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Published July 30th, 2014
Local Fire Officials Mixed on Ads
In a different kind of public-private partnership, Saint Mary's College purchased MOFD's aerial ladder truck to assist the district in handling campus high rise emergency calls. The Spirit of Saint Mary's is quartered at station 41 in Moraga. Photo Ohlen Alexander

Despite forecasts of operating losses for this fiscal year, and only slight improvements for next year, officials of both Lamorinda fire districts say they are skeptical of the viability of a new revenue generating idea unveiled by a fire agency in the Central Valley.
The Stockton City Council approved a plan July 15 for the Stockton Fire Department to begin selling advertising on its fire engines. "We're the first California department to go into this," said fire chief Jeff Piechura. "This is the first step to see how the community accepts the concept."
Public acceptance was the most frequent objection raised by Lamorinda fire officials. Supervisor Candace Andersen, whose district includes Lamorinda, said that it would be critical to be selective about the types of ads and she raised concern about the dignity of the fire agency. "Would we really want to commercialize it as a means for revenue?" she said. "I'd rather create efficiencies in the agency and look for more traditional sources of revenue."
Moraga-Orinda Fire District chief Stephen Healy acknowledged the potential detraction from district branding. "Our uniforms, our patch, our crest and the decals on our engines reflect our identity," he said. "We are a taxpayer funded organization, and we answer only to the taxpayers. By placing advertising on our engines, we would lose our exclusivity as a government agency and send mixed messages."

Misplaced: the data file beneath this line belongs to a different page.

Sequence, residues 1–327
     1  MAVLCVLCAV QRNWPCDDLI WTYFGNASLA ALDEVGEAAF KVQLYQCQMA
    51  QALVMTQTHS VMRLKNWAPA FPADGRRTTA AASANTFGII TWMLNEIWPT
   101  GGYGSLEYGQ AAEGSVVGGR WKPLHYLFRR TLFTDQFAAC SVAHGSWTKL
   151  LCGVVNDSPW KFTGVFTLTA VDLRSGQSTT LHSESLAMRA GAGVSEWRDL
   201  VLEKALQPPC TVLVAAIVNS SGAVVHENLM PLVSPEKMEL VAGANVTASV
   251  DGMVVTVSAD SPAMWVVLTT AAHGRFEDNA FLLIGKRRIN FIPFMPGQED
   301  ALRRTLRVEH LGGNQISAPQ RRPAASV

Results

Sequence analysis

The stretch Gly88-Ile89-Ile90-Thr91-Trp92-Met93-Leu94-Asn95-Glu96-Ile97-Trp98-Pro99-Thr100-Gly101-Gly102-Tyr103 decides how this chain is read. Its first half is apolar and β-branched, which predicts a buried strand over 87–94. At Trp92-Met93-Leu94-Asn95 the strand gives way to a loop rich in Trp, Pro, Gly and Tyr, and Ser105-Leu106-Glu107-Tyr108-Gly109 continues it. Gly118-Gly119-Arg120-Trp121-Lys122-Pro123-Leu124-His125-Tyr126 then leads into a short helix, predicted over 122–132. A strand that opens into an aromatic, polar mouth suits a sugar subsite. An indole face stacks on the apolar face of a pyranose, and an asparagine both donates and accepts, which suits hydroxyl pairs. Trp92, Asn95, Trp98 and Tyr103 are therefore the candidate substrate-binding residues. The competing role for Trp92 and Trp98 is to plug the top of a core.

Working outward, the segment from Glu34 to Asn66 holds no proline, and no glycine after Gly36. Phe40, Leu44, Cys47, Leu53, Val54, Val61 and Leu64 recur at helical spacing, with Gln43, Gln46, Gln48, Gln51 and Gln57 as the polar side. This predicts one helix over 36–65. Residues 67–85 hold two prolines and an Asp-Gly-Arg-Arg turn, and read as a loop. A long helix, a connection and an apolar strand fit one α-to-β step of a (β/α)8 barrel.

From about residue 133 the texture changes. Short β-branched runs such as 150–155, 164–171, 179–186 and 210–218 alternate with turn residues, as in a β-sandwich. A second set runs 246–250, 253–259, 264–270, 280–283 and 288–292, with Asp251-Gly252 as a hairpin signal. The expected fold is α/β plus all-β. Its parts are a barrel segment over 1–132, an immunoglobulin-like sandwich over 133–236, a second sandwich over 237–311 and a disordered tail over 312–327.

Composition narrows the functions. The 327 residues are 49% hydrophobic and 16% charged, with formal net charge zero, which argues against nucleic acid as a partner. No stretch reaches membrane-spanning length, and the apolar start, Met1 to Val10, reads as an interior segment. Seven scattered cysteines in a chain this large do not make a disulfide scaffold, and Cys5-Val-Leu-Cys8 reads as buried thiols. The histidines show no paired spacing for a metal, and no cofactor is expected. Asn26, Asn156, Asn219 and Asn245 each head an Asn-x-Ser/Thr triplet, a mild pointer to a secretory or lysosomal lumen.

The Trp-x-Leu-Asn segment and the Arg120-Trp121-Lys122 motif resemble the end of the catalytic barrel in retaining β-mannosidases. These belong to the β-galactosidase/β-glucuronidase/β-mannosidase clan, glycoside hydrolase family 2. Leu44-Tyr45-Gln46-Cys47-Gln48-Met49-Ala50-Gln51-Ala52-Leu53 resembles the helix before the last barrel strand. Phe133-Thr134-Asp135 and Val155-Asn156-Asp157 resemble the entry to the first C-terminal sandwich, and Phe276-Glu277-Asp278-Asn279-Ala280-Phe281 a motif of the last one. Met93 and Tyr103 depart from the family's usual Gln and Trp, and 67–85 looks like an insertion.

"If it is used right, it could fund a special program or a project for the department," said Jeff Carman, fire chief of the Contra Costa County Fire Protection District. "I would say, if the message is fitting, and there is revenue to offset the hassle of putting ads on your apparatus, I'd be interested."
The hassle of implementing the Stockton program will be absorbed by Public Service Advertising of Phoenix, Ariz. "We cover everyone," said CEO Chad Dragos. "We are a third party who can do it all, giving the district a buffer, and promoting a fair process for everyone." The most frequent objections that he deals with are the buy-in from the municipality, the integrity of the system - are we endorsing one company over another? - and negative push back from firefighters. "We don't want stickers on our fire trucks!" is the initial reaction from the rank and file, he said. Piechura agreed that he will not infringe on the integrity of his fire service.
Dragos estimated Stockton fire engine ad revenue of more than $10,000 annually per vehicle. And Piechura said he hoped to merge all 16 of the department vehicles into the program.
Prediction is difficult, observed scientist Niels Bohr, especially about the future. Whether this radical program instituted by the Stockton Fire Department takes hold throughout the industry will be closely followed.


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